Shaw and Barry distinguish two different forms of utilitarianism. What are these two forms? Briefly describe each and use examples.
Two forms of utilitarianism are act utilitarianism and rule utilitarianism. Act utilitarianism focuses on the consequences of individual actions and how those involved will be affected. The right course of action to take is the action that will produce the most overall happiness. An example of act utilitarianism would be whether or not to tell a patient they have a serious, life-threatening illness. Telling them would cause much unhappiness; therefore lying would be the right decision. While act utilitarianism concentrates on individual actions to maximize happiness, rule utilitarianism states that moral codes should be used. A set of moral codes would better distinguish what is right and what is wrong. The moral rules are used to produce overall happiness for society. This form of utilitarianism explains that we should utilize the optimal moral code to maximize happiness. The same example above can be applied to rule utilitarianism. The doctor would need to consider moral rules. As a doctor, what is morally right? In this case, telling the truth would be the right decision.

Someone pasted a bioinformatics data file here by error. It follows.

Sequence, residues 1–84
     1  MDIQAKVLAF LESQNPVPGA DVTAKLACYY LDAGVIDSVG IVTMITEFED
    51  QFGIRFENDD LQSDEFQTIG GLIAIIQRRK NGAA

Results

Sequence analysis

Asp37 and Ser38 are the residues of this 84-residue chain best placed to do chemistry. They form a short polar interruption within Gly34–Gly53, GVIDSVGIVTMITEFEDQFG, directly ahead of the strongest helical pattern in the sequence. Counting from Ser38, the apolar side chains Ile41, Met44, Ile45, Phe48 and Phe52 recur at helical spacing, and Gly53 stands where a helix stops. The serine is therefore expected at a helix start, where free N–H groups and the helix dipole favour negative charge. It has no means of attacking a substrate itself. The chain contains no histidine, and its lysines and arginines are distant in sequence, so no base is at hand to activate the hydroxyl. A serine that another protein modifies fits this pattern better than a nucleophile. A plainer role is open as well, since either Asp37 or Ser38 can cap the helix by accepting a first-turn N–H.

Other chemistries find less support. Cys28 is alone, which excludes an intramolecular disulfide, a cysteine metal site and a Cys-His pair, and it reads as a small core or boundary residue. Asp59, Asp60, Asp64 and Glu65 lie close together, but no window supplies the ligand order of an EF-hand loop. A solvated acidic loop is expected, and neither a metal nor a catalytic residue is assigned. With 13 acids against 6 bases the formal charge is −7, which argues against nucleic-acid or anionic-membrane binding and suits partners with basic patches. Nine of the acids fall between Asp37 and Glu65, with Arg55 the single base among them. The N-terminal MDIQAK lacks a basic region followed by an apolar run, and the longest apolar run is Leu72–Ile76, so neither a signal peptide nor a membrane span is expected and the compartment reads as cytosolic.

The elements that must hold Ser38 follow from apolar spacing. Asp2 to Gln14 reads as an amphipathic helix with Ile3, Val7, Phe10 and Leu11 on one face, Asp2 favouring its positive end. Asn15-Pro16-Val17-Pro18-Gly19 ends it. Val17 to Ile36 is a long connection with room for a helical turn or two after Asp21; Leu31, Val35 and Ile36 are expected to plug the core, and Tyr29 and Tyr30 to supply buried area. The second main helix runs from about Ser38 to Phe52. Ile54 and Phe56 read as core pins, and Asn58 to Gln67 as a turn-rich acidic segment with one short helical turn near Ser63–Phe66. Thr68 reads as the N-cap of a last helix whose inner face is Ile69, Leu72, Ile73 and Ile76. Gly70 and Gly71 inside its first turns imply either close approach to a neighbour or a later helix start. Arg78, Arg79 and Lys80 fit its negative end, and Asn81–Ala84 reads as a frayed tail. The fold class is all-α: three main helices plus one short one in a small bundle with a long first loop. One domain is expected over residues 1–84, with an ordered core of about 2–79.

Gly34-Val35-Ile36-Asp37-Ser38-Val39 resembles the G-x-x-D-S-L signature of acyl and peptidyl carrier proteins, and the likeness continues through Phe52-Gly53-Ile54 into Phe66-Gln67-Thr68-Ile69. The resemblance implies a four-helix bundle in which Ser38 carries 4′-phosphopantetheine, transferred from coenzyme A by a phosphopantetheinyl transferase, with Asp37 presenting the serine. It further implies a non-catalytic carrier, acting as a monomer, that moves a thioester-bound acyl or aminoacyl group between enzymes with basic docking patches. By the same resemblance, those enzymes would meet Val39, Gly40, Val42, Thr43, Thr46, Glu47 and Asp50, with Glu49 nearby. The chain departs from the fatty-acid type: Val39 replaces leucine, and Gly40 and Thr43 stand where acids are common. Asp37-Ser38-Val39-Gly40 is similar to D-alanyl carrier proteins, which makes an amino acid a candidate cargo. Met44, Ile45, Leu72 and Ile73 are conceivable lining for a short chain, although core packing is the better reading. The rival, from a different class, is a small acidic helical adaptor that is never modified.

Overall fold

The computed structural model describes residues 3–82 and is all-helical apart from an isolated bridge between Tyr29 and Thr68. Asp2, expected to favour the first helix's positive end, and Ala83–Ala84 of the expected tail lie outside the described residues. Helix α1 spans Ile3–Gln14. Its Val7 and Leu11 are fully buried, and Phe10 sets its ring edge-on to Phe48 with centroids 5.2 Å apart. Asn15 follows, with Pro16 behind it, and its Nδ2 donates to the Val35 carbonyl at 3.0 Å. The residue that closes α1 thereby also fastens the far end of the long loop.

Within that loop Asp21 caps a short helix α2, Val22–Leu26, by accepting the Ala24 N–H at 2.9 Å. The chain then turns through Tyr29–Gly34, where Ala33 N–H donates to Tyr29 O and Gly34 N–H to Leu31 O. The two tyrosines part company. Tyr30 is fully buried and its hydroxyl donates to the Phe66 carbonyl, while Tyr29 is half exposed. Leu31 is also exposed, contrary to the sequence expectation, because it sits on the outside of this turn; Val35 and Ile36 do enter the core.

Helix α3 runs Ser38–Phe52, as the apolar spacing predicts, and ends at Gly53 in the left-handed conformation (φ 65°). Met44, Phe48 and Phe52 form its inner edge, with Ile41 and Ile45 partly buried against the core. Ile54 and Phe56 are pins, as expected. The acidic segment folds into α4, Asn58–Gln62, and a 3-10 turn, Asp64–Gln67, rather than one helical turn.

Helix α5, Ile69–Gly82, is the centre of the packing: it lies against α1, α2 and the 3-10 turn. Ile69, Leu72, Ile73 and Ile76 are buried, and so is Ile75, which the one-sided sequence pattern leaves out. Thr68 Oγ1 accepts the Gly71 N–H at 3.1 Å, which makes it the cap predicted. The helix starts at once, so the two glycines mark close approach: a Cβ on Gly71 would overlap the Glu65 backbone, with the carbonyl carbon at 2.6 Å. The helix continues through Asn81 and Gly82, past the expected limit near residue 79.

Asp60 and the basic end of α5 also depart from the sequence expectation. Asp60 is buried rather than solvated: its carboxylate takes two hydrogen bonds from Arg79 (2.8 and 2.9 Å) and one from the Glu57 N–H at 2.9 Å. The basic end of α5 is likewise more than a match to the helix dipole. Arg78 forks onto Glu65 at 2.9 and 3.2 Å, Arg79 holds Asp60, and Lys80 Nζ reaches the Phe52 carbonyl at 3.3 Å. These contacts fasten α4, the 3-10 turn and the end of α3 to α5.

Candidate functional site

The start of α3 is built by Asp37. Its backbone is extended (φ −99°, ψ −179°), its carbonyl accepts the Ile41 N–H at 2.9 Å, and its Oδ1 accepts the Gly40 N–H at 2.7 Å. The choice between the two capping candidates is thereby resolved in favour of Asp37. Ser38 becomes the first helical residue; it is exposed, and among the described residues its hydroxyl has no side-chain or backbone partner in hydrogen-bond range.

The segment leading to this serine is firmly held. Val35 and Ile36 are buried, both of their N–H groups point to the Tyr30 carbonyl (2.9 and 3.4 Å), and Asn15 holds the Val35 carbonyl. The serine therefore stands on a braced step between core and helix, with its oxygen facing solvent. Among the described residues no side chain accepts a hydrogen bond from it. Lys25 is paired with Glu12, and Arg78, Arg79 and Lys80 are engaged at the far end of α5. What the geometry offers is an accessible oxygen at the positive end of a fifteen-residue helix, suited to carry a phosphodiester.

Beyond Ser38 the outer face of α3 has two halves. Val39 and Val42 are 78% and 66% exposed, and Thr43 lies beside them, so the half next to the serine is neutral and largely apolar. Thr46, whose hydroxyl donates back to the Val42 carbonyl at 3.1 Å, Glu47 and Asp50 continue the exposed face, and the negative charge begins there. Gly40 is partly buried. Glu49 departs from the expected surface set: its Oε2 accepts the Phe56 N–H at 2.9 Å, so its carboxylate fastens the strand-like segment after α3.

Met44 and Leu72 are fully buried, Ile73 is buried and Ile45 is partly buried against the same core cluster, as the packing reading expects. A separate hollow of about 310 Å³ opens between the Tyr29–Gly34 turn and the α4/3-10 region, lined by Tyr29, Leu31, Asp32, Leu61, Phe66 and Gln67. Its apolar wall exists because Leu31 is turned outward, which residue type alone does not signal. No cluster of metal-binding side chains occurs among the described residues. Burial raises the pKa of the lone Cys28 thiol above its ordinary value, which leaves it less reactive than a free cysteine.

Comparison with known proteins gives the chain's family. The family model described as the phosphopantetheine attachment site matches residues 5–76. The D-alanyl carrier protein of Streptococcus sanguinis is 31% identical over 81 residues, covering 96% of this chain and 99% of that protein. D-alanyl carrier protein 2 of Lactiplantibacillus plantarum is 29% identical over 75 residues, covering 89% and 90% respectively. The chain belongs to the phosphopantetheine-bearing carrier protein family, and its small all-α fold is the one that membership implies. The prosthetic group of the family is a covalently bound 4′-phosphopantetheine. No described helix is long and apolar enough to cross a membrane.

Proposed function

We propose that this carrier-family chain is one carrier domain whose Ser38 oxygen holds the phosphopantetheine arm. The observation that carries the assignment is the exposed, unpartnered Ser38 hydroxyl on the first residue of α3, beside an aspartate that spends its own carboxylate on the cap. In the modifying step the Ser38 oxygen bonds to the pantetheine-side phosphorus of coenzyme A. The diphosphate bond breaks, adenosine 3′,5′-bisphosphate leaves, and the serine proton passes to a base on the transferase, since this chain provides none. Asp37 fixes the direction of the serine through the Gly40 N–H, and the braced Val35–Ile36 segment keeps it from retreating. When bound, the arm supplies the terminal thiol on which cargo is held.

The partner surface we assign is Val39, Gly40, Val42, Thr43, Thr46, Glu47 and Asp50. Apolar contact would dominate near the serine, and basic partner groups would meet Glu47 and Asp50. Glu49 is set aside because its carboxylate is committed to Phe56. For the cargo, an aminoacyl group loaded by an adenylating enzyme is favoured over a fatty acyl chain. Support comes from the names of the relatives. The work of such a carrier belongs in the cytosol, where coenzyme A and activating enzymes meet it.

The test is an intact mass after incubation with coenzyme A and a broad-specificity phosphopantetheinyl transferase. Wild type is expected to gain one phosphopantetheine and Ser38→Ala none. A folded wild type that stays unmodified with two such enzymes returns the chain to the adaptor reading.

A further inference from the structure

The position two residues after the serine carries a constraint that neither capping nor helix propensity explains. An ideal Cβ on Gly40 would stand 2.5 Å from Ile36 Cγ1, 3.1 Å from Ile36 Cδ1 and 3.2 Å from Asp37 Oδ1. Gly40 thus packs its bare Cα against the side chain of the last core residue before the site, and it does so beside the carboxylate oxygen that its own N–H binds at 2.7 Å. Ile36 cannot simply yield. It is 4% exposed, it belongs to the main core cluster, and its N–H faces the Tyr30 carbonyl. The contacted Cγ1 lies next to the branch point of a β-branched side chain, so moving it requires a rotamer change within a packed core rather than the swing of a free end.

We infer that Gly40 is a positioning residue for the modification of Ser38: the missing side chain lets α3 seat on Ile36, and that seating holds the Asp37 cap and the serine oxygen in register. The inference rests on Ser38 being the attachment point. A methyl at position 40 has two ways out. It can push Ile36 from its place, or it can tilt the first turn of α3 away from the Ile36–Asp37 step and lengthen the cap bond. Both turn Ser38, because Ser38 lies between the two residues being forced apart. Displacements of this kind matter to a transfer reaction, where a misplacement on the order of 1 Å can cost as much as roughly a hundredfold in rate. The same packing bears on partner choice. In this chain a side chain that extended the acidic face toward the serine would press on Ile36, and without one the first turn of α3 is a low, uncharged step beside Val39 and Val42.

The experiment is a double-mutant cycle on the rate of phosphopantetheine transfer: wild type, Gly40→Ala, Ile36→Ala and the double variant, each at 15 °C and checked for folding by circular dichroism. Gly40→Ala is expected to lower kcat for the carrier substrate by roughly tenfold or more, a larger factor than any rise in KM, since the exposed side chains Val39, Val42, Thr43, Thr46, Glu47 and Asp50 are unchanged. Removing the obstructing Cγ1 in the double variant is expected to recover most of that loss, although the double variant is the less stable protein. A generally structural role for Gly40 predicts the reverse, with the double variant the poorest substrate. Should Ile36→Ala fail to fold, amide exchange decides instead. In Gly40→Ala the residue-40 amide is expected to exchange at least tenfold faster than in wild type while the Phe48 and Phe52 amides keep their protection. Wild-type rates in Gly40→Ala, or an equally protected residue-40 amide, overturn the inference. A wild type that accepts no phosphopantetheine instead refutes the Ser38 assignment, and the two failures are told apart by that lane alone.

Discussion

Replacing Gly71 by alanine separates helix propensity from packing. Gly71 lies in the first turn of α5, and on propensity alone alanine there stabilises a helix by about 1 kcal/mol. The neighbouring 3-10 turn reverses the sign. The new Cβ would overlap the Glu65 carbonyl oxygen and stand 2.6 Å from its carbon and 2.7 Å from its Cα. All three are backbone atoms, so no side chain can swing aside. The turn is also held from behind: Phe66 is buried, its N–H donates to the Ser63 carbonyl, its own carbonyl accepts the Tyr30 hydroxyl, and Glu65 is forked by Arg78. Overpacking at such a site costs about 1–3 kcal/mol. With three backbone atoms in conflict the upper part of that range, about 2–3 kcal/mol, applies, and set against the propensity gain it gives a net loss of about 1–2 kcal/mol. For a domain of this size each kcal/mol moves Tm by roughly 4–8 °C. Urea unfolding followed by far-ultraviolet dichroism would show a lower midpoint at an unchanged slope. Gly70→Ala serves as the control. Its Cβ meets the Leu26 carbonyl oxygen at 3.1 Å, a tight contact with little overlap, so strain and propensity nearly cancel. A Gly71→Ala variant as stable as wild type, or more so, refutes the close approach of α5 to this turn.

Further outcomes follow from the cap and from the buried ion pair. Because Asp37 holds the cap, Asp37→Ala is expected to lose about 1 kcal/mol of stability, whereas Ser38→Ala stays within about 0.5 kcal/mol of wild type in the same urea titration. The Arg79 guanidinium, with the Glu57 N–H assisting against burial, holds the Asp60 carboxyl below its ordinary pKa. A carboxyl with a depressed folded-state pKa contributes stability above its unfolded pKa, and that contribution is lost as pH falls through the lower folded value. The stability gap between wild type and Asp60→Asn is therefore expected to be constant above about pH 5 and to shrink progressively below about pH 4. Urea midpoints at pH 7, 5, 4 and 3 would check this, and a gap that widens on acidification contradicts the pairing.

What do economists mean by the “declining marginal utility of money”?
The declining marginal utility of money means that as a person buys more with their income, the more dissatisfied they will be. If someone has more money, they will buy more things that give them less pleasure. For example, if someone is on a tight budget, they will only be able to buy the things that they really want and need. If their budget expands, they will spend their money on excessive items that will give them less pleasure.
Robert Nozick presents his entitlement theory as a function of three basic principles. What are these three basic principles?
Robert Nozick’s entitlement theory explains that people are entitled to their belongings only if they obtained...
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